But what of the fact that a minority of economists have done econometric studies, and have been unable to demonstrate serious unemployment effects of minimum wages, and sometimes none at all? There are two flaws in their analyses.
First, invariably, they look at the effects of an increase in the stipulated level of that law. In my view, we ought to consider not a rise in the wage minimum, but this law in its entirety. An increase to $7 from $5 will have less of an effect than the original $5, in terms of unemploying unskilled workers.
Second is timing. When the minimum wage was boosted to 70 cents from 40 cents several decades ago, elevators were operated manually. Were any of those who were employed in that capacity fired the very next day? The very next week or month? Of course not. It takes more time to substitute automatic elevators than that. But this was the necessary and inevitable result.
At 40 cents, the inferior technology was overwhelmingly competitive with the superior version—not at 70 cents. An econometric analysis that didn’t allow enough time to elapse for the change to occur would have underestimated the devastating unemployment effect.
Also, if we could raise real wages by legislative fiat, why be cheapskates about it. Why settle for $15? Why not think big and escalate to $150 per hour, or $1,500 per hour, or more? If this really worked, Aladdin’s magic lamp and the three wishes would be almost as nothing. The legislative pen could make all our desires come true.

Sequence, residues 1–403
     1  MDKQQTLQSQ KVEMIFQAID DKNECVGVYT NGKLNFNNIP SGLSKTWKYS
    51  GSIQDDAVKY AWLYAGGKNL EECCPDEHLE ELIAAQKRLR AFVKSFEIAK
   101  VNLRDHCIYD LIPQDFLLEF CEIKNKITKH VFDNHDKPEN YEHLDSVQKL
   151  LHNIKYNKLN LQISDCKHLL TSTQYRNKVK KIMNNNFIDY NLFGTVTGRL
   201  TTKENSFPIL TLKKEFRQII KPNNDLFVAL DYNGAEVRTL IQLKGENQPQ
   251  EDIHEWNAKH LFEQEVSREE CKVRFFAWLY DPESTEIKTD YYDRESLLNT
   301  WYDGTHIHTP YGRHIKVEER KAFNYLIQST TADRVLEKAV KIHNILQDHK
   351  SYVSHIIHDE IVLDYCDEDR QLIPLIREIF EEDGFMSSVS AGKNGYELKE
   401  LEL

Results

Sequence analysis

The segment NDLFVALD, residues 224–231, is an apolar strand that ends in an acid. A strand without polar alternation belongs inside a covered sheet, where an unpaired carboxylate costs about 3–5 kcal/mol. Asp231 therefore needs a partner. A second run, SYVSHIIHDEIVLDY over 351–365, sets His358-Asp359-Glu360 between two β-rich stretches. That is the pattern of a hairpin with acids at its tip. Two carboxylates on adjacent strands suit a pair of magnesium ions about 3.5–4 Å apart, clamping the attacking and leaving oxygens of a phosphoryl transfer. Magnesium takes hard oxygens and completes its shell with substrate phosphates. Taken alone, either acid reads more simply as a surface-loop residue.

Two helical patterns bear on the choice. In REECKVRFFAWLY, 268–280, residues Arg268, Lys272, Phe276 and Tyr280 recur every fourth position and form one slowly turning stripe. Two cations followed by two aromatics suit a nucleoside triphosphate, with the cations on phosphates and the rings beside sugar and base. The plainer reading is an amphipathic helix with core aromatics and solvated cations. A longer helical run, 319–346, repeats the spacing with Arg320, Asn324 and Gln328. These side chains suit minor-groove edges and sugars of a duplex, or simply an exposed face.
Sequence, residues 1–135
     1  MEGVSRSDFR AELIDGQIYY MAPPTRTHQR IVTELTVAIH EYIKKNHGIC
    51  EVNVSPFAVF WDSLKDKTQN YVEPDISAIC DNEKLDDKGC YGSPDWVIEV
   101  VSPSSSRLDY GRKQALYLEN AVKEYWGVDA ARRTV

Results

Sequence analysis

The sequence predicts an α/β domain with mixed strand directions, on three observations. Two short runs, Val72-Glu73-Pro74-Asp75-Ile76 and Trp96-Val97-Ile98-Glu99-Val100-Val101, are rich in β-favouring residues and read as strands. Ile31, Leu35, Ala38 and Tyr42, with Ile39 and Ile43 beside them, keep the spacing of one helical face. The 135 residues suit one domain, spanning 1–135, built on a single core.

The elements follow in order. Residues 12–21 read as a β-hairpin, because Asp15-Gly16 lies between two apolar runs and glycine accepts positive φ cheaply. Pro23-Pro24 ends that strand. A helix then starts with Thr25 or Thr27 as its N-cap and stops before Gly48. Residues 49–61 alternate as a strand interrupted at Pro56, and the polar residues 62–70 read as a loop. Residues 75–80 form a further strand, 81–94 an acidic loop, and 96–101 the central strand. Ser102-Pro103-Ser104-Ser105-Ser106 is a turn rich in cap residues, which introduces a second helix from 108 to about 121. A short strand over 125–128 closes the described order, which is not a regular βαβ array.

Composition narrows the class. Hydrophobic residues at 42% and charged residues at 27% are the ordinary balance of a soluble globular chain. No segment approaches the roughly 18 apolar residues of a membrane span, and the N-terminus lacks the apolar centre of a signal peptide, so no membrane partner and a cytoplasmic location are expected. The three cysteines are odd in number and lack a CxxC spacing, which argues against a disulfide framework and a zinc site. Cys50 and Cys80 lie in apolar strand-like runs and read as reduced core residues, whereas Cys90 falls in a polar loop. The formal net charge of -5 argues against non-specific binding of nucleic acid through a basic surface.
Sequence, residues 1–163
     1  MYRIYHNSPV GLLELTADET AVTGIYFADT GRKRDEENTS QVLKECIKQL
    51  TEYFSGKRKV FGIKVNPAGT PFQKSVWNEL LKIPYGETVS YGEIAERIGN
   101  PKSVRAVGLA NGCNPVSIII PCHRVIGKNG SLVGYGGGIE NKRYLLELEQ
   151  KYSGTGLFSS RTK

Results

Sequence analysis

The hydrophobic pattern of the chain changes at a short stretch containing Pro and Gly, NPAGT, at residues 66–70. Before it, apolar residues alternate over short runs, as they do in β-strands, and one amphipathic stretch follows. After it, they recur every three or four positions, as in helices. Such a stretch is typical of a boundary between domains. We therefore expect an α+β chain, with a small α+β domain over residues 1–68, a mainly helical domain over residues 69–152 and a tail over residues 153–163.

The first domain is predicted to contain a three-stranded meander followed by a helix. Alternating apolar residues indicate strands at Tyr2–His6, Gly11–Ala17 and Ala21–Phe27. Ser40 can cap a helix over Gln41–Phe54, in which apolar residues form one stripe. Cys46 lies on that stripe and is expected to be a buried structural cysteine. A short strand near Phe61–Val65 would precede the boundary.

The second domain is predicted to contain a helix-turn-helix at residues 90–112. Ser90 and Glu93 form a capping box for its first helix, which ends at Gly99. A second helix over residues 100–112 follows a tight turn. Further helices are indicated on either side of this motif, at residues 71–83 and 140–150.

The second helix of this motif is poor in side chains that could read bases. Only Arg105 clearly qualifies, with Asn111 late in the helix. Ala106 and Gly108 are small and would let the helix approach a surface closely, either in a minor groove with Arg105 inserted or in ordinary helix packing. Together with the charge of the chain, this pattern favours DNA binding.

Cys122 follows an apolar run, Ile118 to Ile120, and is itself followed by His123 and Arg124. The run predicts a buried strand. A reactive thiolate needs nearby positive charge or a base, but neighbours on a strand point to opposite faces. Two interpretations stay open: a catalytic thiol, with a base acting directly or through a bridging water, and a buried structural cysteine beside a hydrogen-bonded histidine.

In reality—and absent any other government transfers—it is better to be employed at $5 per hour, than unemployed at $15. Advanced mathematics demonstrates that $5 is a higher number than zero. It can’t be denied that the welfare system will pay anyone unemployed a stipend, sometimes more than $5 per hour for a 40-hour week. But to see the true effects of the law under consideration, we must avert our eyes from this reality: A minimum wage of $5 per hour will unemploy all those with productivity less than that amount.
A minimum wage of $15 per hour will make it impossible for all those with productivity less than that amount. Yes, there will be temporary boosts in wages with little or no loss of jobs until the market adjusts. Neither level will raise compensation in the long run, since this is determined by productivity. Want to raise wages on a permanent basis? Raise productivity.
Let us now consider the (im)morality of this economically pernicious legislation. I hereby offer you $5 per hour to come to wash my car. If I were serious about this, and you accepted, we would both be violating the law, and could go to jail. What happened to free trade in goods between consenting adults?
One last immorality. Even economists who support this evil law typically report some slight unemployment effects. They content themselves by noting that wages for most workers rise as they do, in the short term. But suppose I go into the inner city and, at the point of a gun, force one out of every 20 people to give virtually all their money to the other 19 for a short-term boost of their income. How would I be considered? As a criminal, of course. So much the ethics of this law.